I'm pretty out of my depth here in terms of knowing what all the specs mean, but my IDEAL setup would be:
    under $2000
    a PC laptop
    powerful enough to run intensive programs like Unity and ProTools (I'm not looking to do high-end stuff in Unity, just relatively simple indie stuff)
    powerful enough for gaming (I don't usually play high-end AAA games but that's half because I don't have a computer that can play them in the first place)
    a touch screen for digital art purposes
    decent battery life, for occasional travel
    able to use my iMac as a second monitor, just for kicks.
    I don't mind carrying a heavier laptop, and I like bigger screens/keyboards.


    Also, it looks like I need to look at cooling, and avoid throttling, whatever that is. Uh, any help appreciated!
     
  31. angrypenguin

    angrypenguin

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    "High end" and "decent battery life" do not go together. Basically, big GPUs require more power than a laptop battery can provide without damaging itself, so they don't run at full speed unless they're plugged in. I've never seen any sales materials mentioning that fact, or even any manufacturer explain it in support materials.

    So, do you really need good battery life, or are you happy to carry the power pack around for when you genuinely need performance?

    I'll let others give recommendations, as I don't keep up with this stuff any more.
     
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  32. CheddarRat

    CheddarRat

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    Yeah, I saw that those two factors seem to have an inverse relationship. I guess long battery life isn't a huge deal but I don't know how much "power" I need to run Unity smoothly and play most games.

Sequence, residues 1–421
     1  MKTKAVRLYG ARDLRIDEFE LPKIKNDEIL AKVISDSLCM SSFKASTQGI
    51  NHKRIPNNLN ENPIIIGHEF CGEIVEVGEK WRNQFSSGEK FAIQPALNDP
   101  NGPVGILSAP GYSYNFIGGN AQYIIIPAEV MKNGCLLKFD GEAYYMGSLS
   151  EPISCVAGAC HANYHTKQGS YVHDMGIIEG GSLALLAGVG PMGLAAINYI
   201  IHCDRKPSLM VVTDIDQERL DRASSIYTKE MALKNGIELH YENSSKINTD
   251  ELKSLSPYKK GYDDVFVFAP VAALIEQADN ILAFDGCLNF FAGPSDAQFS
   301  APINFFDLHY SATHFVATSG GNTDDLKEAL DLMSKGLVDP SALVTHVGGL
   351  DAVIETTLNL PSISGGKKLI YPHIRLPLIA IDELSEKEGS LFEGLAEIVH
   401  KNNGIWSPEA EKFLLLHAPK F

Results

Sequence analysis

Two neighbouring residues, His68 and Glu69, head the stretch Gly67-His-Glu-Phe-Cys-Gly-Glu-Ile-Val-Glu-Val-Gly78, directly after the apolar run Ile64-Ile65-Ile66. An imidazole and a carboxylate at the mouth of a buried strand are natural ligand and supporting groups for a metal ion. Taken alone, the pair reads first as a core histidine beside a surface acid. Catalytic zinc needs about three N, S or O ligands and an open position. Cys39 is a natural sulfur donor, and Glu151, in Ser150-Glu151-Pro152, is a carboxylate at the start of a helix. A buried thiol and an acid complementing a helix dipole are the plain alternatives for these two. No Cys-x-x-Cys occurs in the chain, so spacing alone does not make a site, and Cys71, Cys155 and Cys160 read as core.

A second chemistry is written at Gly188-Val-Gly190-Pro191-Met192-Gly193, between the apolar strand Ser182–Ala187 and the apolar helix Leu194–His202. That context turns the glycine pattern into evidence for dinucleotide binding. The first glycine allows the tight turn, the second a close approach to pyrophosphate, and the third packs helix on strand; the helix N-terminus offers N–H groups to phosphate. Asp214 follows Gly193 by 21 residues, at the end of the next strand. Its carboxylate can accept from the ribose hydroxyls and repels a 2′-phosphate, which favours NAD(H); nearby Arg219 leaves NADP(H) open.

My problem is I don't know what numbers like...
    "- At least 1080p resolution
    - CPU at least 3.0GHz
    - GPU able to handle high-end graphics"
    ....even mean. And I don't know what number ranges would be acceptable for my needs. So I'm really at a loss looking at spec sheets.
     
  33. Ryiah

    Ryiah

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    How familiar are you with computers in general? If the answer is either "not at all" or "completely new to them" you will want to start looking up the terms as you run into them or find a book that will teach you the basics. Understanding the basic terms will help you immensely when it comes to making good purchases as well as being useful for developing games.

    This is one of the shorthand terms (other terms for it are "FHD" and "Full HD") for the resolution 1920 by 1080, which is just the number of horizontal (1920 pixels wide) and vertical pixels (1080 pixels tall).

    https://en.wikipedia.org/wiki/Display_resolution

    This is one of the ways you measure performance of a processor. By itself the number cannot be used to determine the actual performance of the processor, but it can be used to limit the number of devices you waste your time looking at.

    https://en.wikipedia.org/wiki/Clock_rate

    This is the only one that is truly vague, but for the most part you can treat it as meaning you need a graphics card capable of playing modern AAA games like Shadow of the Tomb Raider on medium to high settings with a playable frame rate score (ie 30 FPS or greater).

    For NVIDIA you need a card where the last two digits are "50" or greater like the GTX 1050. For AMD you need a card where the last two digits are "60" or greater like the RX 560 (AMD's cards are generally worse performing than NVIDIA's). Ignore Intel for now. If the laptop only has Intel graphics then it's not capable of "high-end" graphics.

    Let's look at a laptop and compare it's capabilities to an actual computer. Below is a link to the Acer Predator Helios 300 which is one of the more affordable gaming laptops. If you look at the first line you will notice that it's CPU is capable of up to 4.1 GHz, the second line shows it has a 1060 which fulfills the "50" or greater NVIDIA GPU, and the resolution is 1080p (1920 by 1080).